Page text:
Is your Doctor Still Recommending Probiotics After Your Antibiotic?

Q.: I have noticed more and more that doctors no longer recommend probiotics with every course of antibiotic like they used to do a few years ago. I was chatting to some other moms and they all automatically buy the probiotics when they get to the pharmacy, without (most of the time) this being scripted. I asked my pharmacist if he noticed the same, and yes, he said he does. It’s most often left off the script, so he will ask the patient if they want a probiotic with the antibiotic. Are doctors just forgetting about the probiotics now or leaving it up to our pharmacists and us? N.R.


I have also noticed this among friends and readers alike. In addition to antibiotics, transfer viruses used for GMOs and also vaccines, adversely affect beneficial gut bacteria. We also lead stressful lives and eat poorly.

The concept of the gut as our ‘second brain’ is well known. Furthermore, as covered in Natural Medicine many times, probiotics provide up to 80% of our immune system’s capacity! By increasing and maintaining the populations of good bacteria, the body is less susceptible to pathogenic bacteria and yeast that can lead to a diverse range of negative health consequences.

If you want to clean up your gut, repopulating it with beneficial bacteria is a requirement. But buying supplements is not the only way to maintain gut health. We can get prebiotics and probiotics from fermented food to assist in the restoration and balance of our gut bacteria.

Taking about 28 g of kefir in the morning, at meals, and before bed is a great way to start. Add sauerkraut as a side to any meal, or get creative and incorporate it into dishes where you would normally add vegetables.

According to Dr Natasha Campbell-Mcbride, author of Gut and Psychology Syndrome (GAPS), more of the population is probiotic deficient from infancy than before. Her book offers a diet to offset these deficiencies.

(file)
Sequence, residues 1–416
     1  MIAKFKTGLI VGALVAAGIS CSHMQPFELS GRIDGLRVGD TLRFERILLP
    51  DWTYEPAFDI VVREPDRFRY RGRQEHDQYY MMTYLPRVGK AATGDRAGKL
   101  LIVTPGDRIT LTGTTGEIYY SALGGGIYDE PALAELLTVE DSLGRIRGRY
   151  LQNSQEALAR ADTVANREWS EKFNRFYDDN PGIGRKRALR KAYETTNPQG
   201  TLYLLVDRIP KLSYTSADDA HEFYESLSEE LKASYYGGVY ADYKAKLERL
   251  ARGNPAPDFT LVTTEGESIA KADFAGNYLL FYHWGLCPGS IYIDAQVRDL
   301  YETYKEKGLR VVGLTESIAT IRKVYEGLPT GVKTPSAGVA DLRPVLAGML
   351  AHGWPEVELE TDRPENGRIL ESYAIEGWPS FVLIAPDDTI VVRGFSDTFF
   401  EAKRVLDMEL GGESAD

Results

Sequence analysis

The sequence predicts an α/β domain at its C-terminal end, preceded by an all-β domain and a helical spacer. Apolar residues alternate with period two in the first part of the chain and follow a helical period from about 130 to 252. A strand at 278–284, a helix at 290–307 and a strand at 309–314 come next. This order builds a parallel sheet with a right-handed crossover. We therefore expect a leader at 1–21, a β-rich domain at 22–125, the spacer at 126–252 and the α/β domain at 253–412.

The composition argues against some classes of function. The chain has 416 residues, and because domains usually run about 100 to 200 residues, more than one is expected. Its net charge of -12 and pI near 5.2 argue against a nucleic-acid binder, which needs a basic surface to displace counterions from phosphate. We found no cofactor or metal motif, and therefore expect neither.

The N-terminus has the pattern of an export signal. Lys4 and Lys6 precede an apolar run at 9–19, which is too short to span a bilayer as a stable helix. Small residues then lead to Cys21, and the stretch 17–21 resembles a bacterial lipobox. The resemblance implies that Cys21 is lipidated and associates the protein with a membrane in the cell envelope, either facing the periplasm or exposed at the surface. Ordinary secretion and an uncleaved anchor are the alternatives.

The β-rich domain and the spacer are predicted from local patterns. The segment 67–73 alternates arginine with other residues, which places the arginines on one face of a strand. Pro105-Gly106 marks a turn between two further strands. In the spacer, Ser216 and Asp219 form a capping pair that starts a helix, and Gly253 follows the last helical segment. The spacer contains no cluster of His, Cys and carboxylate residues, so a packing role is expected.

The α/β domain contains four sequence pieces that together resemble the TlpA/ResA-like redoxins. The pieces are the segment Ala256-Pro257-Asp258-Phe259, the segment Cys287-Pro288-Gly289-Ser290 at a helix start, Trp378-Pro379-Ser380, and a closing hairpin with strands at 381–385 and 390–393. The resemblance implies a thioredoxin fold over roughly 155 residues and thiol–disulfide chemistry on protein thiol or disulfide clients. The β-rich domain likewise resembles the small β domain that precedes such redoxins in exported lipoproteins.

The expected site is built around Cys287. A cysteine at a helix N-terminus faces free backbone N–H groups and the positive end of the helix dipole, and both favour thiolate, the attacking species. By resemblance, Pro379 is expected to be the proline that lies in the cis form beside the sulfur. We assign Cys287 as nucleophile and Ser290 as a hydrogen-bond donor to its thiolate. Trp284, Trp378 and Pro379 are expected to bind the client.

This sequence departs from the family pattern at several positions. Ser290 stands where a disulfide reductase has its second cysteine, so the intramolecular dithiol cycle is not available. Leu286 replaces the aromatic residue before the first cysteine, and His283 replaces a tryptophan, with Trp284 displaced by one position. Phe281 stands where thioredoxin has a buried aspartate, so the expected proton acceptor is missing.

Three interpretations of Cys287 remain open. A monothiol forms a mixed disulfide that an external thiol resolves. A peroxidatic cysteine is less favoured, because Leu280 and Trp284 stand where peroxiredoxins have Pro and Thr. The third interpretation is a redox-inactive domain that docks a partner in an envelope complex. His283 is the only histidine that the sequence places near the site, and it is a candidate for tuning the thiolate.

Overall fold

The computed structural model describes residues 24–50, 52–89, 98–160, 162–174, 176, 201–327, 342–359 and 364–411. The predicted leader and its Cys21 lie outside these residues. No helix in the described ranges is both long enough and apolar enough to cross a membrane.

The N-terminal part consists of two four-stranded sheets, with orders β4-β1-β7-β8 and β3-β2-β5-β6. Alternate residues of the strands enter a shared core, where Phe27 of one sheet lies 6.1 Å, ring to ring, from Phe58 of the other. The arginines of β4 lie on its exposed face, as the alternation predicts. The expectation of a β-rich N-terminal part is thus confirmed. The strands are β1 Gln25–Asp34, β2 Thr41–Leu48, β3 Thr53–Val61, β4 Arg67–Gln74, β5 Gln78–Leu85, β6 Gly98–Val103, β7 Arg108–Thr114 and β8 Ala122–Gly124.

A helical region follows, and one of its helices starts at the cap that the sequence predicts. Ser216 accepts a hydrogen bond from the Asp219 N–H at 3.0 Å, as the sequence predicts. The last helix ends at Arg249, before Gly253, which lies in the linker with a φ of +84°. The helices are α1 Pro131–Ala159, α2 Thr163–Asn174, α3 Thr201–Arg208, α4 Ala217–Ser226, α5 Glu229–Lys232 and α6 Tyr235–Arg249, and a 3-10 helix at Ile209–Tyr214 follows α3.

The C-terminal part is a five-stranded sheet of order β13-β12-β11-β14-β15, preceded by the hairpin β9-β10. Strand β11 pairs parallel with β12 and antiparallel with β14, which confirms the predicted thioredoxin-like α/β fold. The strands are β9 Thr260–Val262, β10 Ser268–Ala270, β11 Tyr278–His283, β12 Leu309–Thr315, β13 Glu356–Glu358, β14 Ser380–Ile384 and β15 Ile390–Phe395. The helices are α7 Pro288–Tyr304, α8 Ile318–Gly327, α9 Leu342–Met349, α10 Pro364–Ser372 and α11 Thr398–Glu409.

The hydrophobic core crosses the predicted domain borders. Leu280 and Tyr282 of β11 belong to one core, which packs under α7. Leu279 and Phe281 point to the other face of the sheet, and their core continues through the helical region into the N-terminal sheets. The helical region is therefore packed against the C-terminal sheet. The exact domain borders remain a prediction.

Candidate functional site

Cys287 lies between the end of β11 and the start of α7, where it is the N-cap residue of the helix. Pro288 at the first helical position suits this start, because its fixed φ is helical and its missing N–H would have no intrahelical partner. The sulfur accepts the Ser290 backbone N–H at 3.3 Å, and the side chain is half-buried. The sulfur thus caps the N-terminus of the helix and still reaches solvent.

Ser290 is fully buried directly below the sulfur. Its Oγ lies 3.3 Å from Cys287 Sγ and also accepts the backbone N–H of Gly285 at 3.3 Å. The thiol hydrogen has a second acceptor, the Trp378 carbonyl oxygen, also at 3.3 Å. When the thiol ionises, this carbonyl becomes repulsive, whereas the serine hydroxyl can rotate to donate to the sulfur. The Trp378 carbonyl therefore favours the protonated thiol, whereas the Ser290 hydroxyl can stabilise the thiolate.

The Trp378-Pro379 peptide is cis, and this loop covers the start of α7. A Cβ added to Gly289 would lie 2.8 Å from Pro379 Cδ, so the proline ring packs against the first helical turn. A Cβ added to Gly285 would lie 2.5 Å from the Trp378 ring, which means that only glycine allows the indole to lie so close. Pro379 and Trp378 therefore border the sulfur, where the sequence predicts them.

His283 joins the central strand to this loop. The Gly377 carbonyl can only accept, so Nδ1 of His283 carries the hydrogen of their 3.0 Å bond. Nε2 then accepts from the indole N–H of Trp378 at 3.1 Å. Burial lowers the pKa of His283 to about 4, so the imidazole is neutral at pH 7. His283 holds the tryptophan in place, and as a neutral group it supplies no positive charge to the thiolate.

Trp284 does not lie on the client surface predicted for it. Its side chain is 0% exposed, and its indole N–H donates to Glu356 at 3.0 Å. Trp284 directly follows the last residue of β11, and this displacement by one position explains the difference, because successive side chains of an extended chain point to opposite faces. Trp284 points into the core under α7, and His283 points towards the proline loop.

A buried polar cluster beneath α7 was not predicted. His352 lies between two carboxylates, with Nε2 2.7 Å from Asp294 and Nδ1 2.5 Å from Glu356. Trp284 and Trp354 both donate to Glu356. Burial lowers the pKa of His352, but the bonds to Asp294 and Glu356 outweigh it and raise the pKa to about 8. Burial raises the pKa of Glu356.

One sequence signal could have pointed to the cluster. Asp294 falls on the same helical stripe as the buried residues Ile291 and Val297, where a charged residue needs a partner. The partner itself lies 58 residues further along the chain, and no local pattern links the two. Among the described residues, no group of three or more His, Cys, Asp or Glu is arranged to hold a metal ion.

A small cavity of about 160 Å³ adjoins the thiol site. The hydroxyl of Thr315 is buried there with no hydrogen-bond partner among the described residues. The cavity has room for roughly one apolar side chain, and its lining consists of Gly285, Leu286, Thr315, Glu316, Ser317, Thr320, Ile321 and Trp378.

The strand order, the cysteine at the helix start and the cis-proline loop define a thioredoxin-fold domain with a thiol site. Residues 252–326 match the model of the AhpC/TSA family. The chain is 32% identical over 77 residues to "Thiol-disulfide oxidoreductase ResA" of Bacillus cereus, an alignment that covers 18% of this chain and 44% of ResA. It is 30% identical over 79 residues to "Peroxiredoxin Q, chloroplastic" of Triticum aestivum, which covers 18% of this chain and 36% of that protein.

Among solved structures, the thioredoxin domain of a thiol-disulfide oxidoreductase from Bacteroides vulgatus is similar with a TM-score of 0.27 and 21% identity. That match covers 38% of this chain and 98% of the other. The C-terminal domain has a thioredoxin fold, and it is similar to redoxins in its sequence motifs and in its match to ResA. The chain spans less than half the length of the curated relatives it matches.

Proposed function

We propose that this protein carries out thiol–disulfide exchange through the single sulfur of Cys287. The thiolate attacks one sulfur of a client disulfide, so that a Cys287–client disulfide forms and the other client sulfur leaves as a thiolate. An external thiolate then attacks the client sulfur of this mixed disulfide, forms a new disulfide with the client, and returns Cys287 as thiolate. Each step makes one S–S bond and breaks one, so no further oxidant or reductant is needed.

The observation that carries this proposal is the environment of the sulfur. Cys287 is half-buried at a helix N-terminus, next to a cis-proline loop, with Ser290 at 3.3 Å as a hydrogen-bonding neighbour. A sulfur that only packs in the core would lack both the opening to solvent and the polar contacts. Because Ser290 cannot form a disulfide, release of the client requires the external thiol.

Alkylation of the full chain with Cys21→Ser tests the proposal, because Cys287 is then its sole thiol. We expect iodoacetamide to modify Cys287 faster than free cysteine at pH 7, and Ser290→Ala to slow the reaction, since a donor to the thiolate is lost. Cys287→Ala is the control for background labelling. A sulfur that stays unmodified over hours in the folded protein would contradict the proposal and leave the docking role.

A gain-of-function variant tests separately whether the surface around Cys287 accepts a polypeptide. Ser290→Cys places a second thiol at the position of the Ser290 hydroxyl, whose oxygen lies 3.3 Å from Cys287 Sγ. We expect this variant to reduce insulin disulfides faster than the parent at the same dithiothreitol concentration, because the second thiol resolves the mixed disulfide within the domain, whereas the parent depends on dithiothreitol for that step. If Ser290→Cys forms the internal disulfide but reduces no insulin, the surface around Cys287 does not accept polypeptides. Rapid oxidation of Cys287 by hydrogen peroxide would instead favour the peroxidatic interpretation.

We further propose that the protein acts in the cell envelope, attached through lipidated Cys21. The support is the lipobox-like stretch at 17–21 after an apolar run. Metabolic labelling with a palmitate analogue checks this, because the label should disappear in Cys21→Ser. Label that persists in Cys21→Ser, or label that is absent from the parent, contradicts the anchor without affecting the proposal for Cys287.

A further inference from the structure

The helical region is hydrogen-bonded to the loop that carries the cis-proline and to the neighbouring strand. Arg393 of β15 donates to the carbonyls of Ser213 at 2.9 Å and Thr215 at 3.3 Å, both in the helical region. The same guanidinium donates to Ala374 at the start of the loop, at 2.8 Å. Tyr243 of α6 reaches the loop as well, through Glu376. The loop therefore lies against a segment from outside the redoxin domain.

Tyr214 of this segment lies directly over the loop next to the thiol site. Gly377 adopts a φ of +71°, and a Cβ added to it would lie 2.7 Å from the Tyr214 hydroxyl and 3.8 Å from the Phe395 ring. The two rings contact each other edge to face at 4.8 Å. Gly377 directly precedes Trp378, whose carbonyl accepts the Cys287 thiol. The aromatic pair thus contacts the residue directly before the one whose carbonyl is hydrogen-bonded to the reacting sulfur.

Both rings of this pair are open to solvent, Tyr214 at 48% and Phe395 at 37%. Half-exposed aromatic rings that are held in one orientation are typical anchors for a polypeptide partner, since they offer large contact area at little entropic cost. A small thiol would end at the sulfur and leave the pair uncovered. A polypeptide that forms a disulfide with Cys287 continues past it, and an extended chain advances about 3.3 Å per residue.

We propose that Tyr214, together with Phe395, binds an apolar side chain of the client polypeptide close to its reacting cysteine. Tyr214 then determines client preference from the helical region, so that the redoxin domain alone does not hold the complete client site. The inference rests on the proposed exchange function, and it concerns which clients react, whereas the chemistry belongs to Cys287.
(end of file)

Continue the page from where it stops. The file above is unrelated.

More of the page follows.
Both prebiotics and probiotics nurture the good bacteria required by the digestive tract. Probiotics are live, active cultures capable of multiplying in numbers whereas prebiotics serve as the food source for probiotics and do not grow or reproduce.

It’s generally understood that certain conditions, such as chronic Candida overgrowth, may require a dramatic intervention with more heavily loaded probiotic supplements than what’s generally available in fermented foods, but make sure your probiotic supplement is organic.


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Is your Doctor Still Recommending Probiotics After Your Antibiotic?

Daleen Totten
About The Author
- As editor, publisher and founding member of Natural Medicine Magazine, Daleen believes that natural medicine is more than taking a pill for an ill philosophy. It also encompasses nutrition, lifestyle, spiritual health, exercise, and emotional and mental well-being. She is an entrepreneur and director of various companies including Natural Medicine World, Natural Medicine Market, Dreamcatcher Publications, Dreamcatcher Trade and AromAfrique. She has a passion for knowledge and strives to share the work of the brightest minds and biggest hearts in healing. She is the mother of three children.